Salmon Treaty must do more to protect wild salmon


Salmon Treaty must do more to protect wild salmon


Salmon Treaty must do more to protect wild salmon
Scientific review needed to ensure conservation objectives are met

February 11, 2008

VANCOUVER A coalition of conservation groups is calling for a scientific review of the Pacific Salmon Treaty to ensure that it is meeting the conservation objectives required to protect wild salmon, including the protection of salmon habitat. Pacific Salmon Commission representatives from the U.S. and Canada are meeting in Vancouver, B.C. this week to discuss the renegotiation of the treaty. A 10-year agreement forged between the two countries is due to expire at the end of 2008.

Trout Unlimited, the Wild Salmon Center, and Canadas David Suzuki Foundation have formed the Pacific Salmon Treaty Reform Coalition to advocate for a more sustainable and comprehensive approach to salmon management under the Canada U.S. treaty. They are being assisted by legal experts from the International Environmental Law Project at Lewis and Clark Law School.

In the past year our coalition brought together salmon scientists to identify principles for an effective treaty, and Stanford University held a treaty workshop with scientists, managers and stakeholders, said David Suzuki Foundation salmon biologist Jeffery Young. It is now time for the Pacific Salmon Commission to take this information and lead its own review of the treaty, with participation of external scientists, to ensure conservation objectives are met.

Declines in many salmon runs, including Fraser River coho, California and Oregon chinook, and a number of Puget Sound stocks, have raised concerns among salmon scientists and fisheries managers about the long-term survival of Pacific salmon. Changes in ocean conditions, most likely related to global warming, are an added challenge to the health of salmon coast-wide, making this round of negotiations especially critical.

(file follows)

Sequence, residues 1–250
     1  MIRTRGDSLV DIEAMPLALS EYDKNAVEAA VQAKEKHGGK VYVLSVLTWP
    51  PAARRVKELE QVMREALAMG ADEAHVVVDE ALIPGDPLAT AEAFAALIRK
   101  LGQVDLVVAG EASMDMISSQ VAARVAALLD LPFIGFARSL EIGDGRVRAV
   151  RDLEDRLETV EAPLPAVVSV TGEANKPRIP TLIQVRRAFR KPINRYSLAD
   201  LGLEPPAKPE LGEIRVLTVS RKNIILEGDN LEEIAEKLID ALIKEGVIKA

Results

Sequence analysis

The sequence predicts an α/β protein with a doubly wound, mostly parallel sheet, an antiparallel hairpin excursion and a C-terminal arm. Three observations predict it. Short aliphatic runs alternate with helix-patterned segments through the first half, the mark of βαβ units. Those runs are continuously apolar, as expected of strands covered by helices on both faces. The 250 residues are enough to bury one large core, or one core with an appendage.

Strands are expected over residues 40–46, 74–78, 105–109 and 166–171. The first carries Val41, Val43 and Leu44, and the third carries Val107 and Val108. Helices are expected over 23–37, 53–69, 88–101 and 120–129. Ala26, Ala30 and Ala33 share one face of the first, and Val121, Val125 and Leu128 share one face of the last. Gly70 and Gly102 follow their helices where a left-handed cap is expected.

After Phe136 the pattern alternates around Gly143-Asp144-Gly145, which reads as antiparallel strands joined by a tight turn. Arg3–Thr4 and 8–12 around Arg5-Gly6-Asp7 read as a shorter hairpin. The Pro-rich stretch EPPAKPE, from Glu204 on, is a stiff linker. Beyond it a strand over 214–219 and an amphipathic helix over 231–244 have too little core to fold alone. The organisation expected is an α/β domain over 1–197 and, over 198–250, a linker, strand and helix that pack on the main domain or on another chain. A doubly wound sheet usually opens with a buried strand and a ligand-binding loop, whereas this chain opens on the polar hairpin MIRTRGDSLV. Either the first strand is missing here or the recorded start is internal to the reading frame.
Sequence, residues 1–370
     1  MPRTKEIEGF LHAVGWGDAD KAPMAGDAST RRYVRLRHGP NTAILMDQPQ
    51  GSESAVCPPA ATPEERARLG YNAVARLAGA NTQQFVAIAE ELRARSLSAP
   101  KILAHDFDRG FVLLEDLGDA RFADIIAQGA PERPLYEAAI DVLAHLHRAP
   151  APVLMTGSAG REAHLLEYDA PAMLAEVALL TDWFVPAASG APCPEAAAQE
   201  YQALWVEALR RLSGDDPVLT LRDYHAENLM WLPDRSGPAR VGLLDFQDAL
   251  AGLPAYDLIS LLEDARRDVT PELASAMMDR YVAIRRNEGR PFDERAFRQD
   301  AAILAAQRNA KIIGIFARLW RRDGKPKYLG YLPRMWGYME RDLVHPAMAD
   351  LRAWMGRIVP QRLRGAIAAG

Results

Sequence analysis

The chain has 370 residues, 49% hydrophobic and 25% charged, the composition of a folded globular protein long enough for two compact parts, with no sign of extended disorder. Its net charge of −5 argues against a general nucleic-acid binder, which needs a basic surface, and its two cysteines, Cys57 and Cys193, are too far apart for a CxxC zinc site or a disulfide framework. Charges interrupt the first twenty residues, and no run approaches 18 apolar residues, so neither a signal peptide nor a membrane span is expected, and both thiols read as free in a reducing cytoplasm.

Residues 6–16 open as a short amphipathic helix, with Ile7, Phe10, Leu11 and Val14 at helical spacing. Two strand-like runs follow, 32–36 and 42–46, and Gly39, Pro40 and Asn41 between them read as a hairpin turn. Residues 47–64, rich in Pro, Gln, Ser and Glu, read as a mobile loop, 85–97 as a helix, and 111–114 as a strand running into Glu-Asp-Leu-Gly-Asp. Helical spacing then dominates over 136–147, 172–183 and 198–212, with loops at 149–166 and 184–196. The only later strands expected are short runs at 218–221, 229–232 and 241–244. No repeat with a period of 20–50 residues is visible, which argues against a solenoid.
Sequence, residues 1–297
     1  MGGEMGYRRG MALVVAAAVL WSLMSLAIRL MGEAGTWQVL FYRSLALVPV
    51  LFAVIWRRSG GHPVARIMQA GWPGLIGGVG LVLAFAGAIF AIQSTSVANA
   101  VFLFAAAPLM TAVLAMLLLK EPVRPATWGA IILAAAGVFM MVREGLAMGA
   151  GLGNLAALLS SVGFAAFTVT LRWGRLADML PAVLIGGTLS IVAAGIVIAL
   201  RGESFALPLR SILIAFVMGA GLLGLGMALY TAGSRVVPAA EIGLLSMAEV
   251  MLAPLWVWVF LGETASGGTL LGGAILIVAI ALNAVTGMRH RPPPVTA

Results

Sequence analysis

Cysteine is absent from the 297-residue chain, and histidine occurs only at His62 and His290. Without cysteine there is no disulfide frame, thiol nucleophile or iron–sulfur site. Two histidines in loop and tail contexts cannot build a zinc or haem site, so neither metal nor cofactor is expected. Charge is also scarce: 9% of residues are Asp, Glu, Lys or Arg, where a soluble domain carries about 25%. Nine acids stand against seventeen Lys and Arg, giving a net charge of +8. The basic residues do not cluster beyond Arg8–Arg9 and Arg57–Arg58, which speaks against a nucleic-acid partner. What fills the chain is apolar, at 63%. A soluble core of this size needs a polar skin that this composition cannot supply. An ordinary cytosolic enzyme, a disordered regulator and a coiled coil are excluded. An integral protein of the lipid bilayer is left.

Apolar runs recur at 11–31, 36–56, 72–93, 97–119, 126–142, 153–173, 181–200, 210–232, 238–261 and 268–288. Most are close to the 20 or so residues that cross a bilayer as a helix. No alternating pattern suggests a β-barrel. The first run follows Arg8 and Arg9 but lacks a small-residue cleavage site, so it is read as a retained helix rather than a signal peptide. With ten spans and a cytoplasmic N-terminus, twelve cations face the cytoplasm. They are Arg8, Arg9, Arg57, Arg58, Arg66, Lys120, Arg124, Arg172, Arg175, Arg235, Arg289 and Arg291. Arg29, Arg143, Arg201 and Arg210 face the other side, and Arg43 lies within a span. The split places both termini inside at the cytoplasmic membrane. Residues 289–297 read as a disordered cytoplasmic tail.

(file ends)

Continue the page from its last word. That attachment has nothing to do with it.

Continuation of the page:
We all want our great-grandchildren to experience wild salmon, said Guido Rahr, CEO of the Wild Salmon Center. With so many stocks of wild salmon in decline, now is the time to integrate strong conservation principles into international agreements on salmon management. It is critical that this process be both transparent and scientifically sound.

As a coalition, we are particularly concerned about the protection of salmon habitat, since healthy habitat is critical to facing these known and unknown challenges ahead, said Jeff Curtis, senior salmon policy advisor for Trout Unlimited. The treaty provides an important opportunity for both countries to work together to ensure a productive future for Pacific salmon and our shared fisheries.

Representatives of the Coalition will attend Pacific Salmon Commission meetings this week in Vancouver, B.C., and will be speaking at a public meeting of the commission on the morning of February 13 (meeting details available at

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For more information, contact:
Jeff Curtis, Senior Salmon Policy Advisor, Trout Unlimited, (503) 419-7105
Jeffery Young, Aquatic Biologist, David Suzuki Foundation, (604) 732-4228
Ian Hanington, Communications Specialist, David Suzuki Foundation, (604) 732-4228, ext. 238
Greg Block, VP for Conservation Programs, Wild Salmon Center, (503) 222-1804

The David Suzuki Foundation is committed to achieving sustainability within a generation in Canada. Abundant and diverse stocks of Pacific wild salmon are a vital part of this sustainable and prosperous future. The Foundation works closely with other conservation organizations, all levels of government, industry and first nations to achieve science-based solutions that will lead to a sustainable future for Pacific salmon in Canada.

The Wild Salmon Center is the only international conservation organization working to protect wild Pacific salmon throughout their entire range. We partner with governments, local communities, and businesses to create a network of healthy salmon ecosystems across the North Pacific. Our work is based on the best available science and our conservation solutions support sustainable economies, regional cultures, and the great rivers of the Pacific Rim.

Trout Unlimited works across the United States at the local, state and federal level, to ensure that, by the next generation, robust populations of native and wild trout, salmon and steelhead will once again thrive within their North American Range. TU strives to achieve this vision by protecting, reconnecting and restoring the habitat necessary to sustain wild fish populations so that our children can enjoy healthy fisheries in their home waters.

Date: 2/11/2008